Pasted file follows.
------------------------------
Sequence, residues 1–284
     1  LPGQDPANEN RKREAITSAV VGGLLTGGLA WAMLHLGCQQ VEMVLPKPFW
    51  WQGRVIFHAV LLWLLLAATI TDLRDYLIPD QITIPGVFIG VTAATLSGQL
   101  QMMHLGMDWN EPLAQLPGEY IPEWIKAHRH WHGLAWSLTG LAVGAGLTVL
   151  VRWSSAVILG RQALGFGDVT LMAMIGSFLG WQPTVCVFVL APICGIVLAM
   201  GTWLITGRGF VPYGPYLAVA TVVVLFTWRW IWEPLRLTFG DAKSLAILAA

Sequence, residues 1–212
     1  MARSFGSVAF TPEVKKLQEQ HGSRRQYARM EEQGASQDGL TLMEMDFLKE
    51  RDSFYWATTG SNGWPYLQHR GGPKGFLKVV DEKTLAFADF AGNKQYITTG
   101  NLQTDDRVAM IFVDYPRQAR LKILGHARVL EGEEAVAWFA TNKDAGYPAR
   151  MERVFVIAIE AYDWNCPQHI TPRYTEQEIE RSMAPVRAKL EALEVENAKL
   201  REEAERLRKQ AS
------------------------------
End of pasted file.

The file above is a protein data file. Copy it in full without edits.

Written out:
Sequence, residues 1–284
     1  LPGQDPANEN RKREAITSAV VGGLLTGGLA WAMLHLGCQQ VEMVLPKPFW
    51  WQGRVIFHAV LLWLLLAATI TDLRDYLIPD QITIPGVFIG VTAATLSGQL
   101  QMMHLGMDWN EPLAQLPGEY IPEWIKAHRH WHGLAWSLTG LAVGAGLTVL
   151  VRWSSAVILG RQALGFGDVT LMAMIGSFLG WQPTVCVFVL APICGIVLAM
   201  GTWLITGRGF VPYGPYLAVA TVVVLFTWRW IWEPLRLTFG DAKSLAILAA

Sequence, residues 1–212
     1  MARSFGSVAF TPEVKKLQEQ HGSRRQYARM EEQGASQDGL TLMEMDFLKE
    51  RDSFYWATTG SNGWPYLQHR GGPKGFLKVV DEKTLAFADF AGNKQYITTG
   101  NLQTDDRVAM IFVDYPRQAR LKILGHARVL EGEEAVAWFA TNKDAGYPAR
   151  MERVFVIAIE AYDWNCPQHI TPRYTEQEIE RSMAPVRAKL EALEVENAKL
   201  REEAERLRKQ AS